A couple of less meaty news items, though perhaps more substantial than the lambs (more of them coming soon!), received notice.
First, Fr Stephen spotted an item regarding a new scent designed for Pope Benedict. Not in honour of him, but literally for him. A top flight Italian perfumer, or “nose”, Silvana Casoli, has created the scent for him exclusively (unlike the one created in honour of his diamond jubilee of priesthood and available to be purchased), and described what she tried to encapsulate in the fragrance:
…the Pope’s personality and theological outlook….pure and clean, recalling the idea of peace… the smells the Pope would smell when praying at the Grotto of Lourdes…
No doubt some will mock this, but that would be to take a cheap shot. It sounds like the Pope acted after hearing rave reviews from priests for earlier fragrances Ms Casoli blended for the Church. If Popes in centuries commissioned works of art and music, why not the far more modest undertaking of commissioning a scent. It seems like a suitably modern expression of artistic patronage, and will add a little more sensory substance to the Pope’s subtle odour of sanctity. Since it will not be for sale but for the Pope’s use only, if he ever gives away a bottle or two, the gift will increase exponentially in value due to its rarity. Come to think of it, it really is time I sought an audience with him…
Secondly, Cathnews has a story about an apparently ordinary parish choir in Adelaide that has embraced the musical heritage of the Church’s liturgy by singing Gregorian chant at Mass. Now being a monk who sings chant daily, I find this wonderful. What is even more heartening is the effect that chant is already having in the parish:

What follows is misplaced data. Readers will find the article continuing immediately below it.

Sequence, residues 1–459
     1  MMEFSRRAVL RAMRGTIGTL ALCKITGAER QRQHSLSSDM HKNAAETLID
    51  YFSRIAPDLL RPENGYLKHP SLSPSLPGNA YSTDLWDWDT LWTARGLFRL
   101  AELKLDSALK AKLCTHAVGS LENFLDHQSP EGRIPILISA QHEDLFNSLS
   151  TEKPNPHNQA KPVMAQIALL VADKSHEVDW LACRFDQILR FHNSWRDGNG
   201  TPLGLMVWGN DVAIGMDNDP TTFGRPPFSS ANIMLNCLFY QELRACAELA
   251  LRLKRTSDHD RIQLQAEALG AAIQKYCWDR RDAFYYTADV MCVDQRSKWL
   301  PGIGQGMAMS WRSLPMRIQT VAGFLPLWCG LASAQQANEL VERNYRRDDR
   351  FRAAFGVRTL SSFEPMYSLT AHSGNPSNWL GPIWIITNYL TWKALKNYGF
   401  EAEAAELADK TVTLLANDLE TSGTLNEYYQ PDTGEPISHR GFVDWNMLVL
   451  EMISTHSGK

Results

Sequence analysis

Since the introduction of Gregorian Chant to the Edwardstown Parish last Easter, the St Anthony’s Church Choir has grown to about 15 regular members – the youngest being 14-years-old. Last April, there were just four in the choir.
A choir member, all of 15 years of age, says
…she enjoys the traditional context of the chanting and its connection to the gospel and the readings of the Mass. “They mean a bit more now that we sing them, rather than just say them”…
That girl has got it. The music at too many Masses is all too often undiscerningly chosen, or chosen because of the personal preferences of the music leader, or because it matches a “theme” supposedly in the Mass of the day. However, true church music, and Gregorian chant should have pride of place in it according to Vatican II, is at the service of the liturgy not the music director, drawing not so much on a theme (real or otherwise) as the actual words of the readings at Mass, or the details of the feast being kept. The parish priest there puts it so well (my emphases):
“The congregation is now singing the Mass rather than singing at Mass, with the invitation to all present to embrace the meaning and significance of the texts reflectively and prayerfully.”
This sounds a lot more like authentic active participation than the mere activity that is often rashly dignified with that description. You can see the story in the Adelaide diocesan newspaper here. This parish seems to be setting a fruitful example for others to follow. It has lectio divina groups as well. Do I smell a Benedictine lurking …?